Georgia DNR Seeks Applications for Conservation Teacher of the Year

Staff Report From Georgia CEO

Thursday, July 28th, 2016

The Georgia Department of Natural Resources is offering a $1,000 grant to a third-, fourth- or fifth-grade public or private school teacher in the state who demonstrates exceptional energy and innovation in teaching life sciences.

Science specialists covering those grade levels can also apply for the Conservation Teacher of the Year grant, according to the Nongame Conservation Section, part of DNR’s Wildlife Resources Division.

Sept. 19 is the deadline to apply for the grant, which DNR officials say will be awarded in October. The grant is coordinated by the Nongame Conservation Section and made possible through support from The Environmental Resource Network, or TERN, friends group of the section.

The purpose of the grant is to recognize and help an outstanding teacher who uses Georgia’s nongame wildlife as the context for learning, according to Linda May, DNR environmental outreach coordinator. Nongame refers to native animals that are not fished for or hunted, and to rare native plants. Gopher tortoises and purple pitcherplants are examples.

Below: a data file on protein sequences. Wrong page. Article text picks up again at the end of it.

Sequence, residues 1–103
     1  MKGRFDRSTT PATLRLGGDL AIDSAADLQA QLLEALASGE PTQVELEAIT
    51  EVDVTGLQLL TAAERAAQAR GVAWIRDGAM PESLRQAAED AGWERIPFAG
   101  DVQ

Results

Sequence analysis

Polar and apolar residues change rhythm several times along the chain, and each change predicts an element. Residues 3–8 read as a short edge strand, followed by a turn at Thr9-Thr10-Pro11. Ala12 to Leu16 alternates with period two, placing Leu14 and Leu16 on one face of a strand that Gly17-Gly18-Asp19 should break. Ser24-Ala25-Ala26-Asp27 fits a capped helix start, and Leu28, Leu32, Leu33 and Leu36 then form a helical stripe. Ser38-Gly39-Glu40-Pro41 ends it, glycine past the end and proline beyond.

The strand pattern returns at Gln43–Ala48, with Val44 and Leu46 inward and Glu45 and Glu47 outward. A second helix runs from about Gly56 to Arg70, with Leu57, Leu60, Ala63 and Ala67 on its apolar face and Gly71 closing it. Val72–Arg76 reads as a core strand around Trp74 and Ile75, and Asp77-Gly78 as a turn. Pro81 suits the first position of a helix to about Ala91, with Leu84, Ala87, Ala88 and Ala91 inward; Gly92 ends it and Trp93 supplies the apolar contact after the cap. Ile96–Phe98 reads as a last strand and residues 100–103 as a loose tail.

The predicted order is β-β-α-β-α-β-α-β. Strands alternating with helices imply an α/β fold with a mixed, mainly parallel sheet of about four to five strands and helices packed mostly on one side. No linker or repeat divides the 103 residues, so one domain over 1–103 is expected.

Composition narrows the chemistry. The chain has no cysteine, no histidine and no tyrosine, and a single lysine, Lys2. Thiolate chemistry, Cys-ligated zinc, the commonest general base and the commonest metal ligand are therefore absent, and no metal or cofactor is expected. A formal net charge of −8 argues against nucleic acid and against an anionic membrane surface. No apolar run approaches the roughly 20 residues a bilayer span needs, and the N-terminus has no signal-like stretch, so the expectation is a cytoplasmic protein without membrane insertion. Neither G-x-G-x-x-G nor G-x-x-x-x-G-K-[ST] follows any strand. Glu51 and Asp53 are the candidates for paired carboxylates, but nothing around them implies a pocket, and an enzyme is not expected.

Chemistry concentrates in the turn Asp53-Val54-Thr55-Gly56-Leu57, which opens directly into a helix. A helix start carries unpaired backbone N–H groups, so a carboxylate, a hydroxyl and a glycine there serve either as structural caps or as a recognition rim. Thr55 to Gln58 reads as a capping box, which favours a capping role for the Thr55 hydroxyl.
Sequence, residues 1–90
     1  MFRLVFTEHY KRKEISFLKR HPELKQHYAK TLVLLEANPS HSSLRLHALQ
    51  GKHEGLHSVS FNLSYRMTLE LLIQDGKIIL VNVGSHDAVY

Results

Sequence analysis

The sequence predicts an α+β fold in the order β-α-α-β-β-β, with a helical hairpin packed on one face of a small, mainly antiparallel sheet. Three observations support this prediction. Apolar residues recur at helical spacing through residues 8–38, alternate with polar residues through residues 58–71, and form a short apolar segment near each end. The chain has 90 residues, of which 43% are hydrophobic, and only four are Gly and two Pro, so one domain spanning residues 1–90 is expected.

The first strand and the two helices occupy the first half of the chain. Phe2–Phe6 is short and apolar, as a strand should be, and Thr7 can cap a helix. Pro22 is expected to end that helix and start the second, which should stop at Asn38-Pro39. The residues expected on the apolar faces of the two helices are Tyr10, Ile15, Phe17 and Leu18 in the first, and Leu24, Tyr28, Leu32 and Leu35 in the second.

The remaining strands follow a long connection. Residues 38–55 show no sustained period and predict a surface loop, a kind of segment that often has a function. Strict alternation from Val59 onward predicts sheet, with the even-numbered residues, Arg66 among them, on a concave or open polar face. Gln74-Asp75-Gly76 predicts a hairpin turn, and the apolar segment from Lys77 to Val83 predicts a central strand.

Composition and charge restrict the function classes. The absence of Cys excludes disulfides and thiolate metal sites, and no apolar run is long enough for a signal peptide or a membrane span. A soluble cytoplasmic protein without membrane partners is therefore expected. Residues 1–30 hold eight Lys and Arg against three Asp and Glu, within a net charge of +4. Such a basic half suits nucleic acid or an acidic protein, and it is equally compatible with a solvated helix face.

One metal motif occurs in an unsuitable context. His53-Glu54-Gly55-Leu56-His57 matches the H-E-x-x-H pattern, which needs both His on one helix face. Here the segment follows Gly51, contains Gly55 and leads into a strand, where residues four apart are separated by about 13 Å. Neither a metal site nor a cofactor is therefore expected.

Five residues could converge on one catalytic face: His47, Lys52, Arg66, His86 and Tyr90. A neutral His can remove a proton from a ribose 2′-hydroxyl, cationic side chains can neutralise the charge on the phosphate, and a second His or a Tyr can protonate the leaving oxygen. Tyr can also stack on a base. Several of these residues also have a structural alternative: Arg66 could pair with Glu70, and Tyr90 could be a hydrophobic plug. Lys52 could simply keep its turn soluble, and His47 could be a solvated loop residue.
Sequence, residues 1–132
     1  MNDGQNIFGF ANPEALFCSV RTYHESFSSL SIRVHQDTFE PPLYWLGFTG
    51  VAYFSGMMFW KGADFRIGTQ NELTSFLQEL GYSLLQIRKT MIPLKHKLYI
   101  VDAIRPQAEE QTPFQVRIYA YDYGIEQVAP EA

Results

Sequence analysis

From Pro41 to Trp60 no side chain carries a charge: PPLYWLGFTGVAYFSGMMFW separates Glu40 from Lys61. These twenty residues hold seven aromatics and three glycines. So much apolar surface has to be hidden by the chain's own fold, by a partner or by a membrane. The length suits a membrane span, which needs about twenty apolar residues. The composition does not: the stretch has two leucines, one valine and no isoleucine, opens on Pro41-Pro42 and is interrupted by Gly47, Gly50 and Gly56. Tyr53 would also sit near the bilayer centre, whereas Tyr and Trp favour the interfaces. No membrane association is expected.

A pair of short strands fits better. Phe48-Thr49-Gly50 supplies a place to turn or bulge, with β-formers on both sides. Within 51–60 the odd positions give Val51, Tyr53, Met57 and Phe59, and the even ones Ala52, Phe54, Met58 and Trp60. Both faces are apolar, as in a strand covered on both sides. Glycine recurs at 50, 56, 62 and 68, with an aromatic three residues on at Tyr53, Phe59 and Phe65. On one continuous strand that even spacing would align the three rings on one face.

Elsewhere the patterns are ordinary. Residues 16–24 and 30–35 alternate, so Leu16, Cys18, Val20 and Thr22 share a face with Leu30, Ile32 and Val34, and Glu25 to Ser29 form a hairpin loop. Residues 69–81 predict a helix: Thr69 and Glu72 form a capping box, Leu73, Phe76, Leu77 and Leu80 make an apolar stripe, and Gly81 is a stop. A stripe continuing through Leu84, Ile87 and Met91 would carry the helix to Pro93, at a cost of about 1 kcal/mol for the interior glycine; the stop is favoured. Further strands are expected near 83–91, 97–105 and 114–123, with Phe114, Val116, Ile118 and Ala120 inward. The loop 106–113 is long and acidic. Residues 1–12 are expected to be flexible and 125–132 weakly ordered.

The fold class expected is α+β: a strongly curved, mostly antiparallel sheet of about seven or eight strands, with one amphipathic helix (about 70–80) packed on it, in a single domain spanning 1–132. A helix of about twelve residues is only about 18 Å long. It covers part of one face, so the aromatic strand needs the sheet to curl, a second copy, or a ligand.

“Students love learning outdoors,” May said. “Through their natural curiosity, children develop a fondness for wildlife and the places they call home. Ultimately, this awareness and appreciation prompt them to become good environmental stewards – and then our natural resources benefit, too.”

Previous grant recipients guided student learning through outdoor classrooms. This year’s winning teacher also will be selected to receive funding based on project design, which will be evaluated through grant proposal questions. Projects that are especially creative and teach about Georgia’s rare or endangered species, as well as those that have no other means of funding, will earn bonus points.